Peer evaluation or observation is a friendly way of conveying feedback when compared to a senior doing it. Schools may work out the need for each teacher to complete a predetermined set of observations to enhance the teaching-learning environment.

How would an observer behave while in a classroom?

Maria Montessori said, “The observer should maintain perfect immobility of the soul, so as not to take part in any manifestation of feelings in the actions of the children. There must be no manifestation of enthusiasm, pleasure, or joy, on the part of the observer.” She often mentioned that the observer must behave like a fly on the wall!!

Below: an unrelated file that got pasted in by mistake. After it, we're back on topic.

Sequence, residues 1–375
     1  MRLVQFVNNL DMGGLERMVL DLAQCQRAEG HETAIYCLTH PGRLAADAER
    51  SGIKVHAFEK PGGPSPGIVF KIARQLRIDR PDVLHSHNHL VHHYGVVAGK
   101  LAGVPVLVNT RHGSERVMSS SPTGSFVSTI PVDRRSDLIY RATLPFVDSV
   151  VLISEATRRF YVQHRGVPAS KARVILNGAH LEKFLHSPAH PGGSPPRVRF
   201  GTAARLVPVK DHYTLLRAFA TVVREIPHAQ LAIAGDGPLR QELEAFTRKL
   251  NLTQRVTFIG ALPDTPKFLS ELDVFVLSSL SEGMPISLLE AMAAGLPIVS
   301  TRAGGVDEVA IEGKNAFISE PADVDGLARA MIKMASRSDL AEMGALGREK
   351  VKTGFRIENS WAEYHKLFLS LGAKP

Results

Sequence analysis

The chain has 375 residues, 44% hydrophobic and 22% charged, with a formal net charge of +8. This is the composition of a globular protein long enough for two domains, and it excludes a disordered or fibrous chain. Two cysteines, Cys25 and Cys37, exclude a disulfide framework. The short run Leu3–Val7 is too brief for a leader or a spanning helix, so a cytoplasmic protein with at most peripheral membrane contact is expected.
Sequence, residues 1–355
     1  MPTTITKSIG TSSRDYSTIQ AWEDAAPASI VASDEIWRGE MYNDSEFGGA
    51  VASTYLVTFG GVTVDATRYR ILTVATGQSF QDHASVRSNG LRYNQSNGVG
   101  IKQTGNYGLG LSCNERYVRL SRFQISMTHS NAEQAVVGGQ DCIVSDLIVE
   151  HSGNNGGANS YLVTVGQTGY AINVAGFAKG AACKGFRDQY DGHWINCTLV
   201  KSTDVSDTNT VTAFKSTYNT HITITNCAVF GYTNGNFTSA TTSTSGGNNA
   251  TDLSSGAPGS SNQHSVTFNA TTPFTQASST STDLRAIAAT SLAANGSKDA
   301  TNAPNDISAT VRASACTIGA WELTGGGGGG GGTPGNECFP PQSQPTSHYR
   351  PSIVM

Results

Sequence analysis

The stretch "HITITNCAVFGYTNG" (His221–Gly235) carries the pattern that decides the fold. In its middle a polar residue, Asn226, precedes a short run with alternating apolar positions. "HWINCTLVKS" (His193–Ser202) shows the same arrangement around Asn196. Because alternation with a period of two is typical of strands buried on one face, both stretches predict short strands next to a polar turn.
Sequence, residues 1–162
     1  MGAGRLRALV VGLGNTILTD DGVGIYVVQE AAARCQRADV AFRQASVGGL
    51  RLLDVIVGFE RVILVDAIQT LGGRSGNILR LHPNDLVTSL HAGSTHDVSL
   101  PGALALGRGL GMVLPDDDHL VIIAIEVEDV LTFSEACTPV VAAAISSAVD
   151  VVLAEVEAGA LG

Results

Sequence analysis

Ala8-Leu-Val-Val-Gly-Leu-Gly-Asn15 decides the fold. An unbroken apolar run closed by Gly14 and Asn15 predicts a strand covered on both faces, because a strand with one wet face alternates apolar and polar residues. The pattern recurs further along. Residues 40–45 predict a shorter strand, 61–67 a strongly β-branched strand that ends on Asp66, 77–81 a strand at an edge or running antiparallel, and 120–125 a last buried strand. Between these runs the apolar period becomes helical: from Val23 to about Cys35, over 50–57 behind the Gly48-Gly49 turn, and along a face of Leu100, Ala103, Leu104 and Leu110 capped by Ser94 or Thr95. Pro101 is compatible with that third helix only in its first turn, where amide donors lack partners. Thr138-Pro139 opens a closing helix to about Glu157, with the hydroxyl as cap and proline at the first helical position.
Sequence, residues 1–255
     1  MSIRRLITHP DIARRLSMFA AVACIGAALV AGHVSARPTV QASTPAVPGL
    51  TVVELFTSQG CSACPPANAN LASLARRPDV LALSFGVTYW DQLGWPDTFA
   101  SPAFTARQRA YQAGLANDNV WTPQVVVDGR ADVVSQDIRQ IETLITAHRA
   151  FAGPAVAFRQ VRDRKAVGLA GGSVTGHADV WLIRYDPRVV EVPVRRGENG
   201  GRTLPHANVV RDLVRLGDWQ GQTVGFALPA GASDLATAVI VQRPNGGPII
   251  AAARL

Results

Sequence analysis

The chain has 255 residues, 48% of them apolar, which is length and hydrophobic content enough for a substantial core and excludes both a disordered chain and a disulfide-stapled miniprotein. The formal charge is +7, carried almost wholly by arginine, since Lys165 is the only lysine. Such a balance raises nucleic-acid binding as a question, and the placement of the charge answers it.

• The observer while in the classroom must avoid judging. The observer could continuously take notes and interpretation or drawing inferences could be done later after the observation. The observer must be cautious not to entertain thoughts that tend to provide suggestions, conclusions, or prejudices, as they can hamper the quality of observations. The observations must be as is seen and not as interpreted!
  • It must be remembered that during observation, only that part of the activity or session that was being observed needs to be focused upon. Most times, as part of observing class engagement, adults tend to scrutinize notebooks of children. Adults become part of groups and provide answers or suggest ideas for activities oblivious to the fact that they are not participants and are merely observers!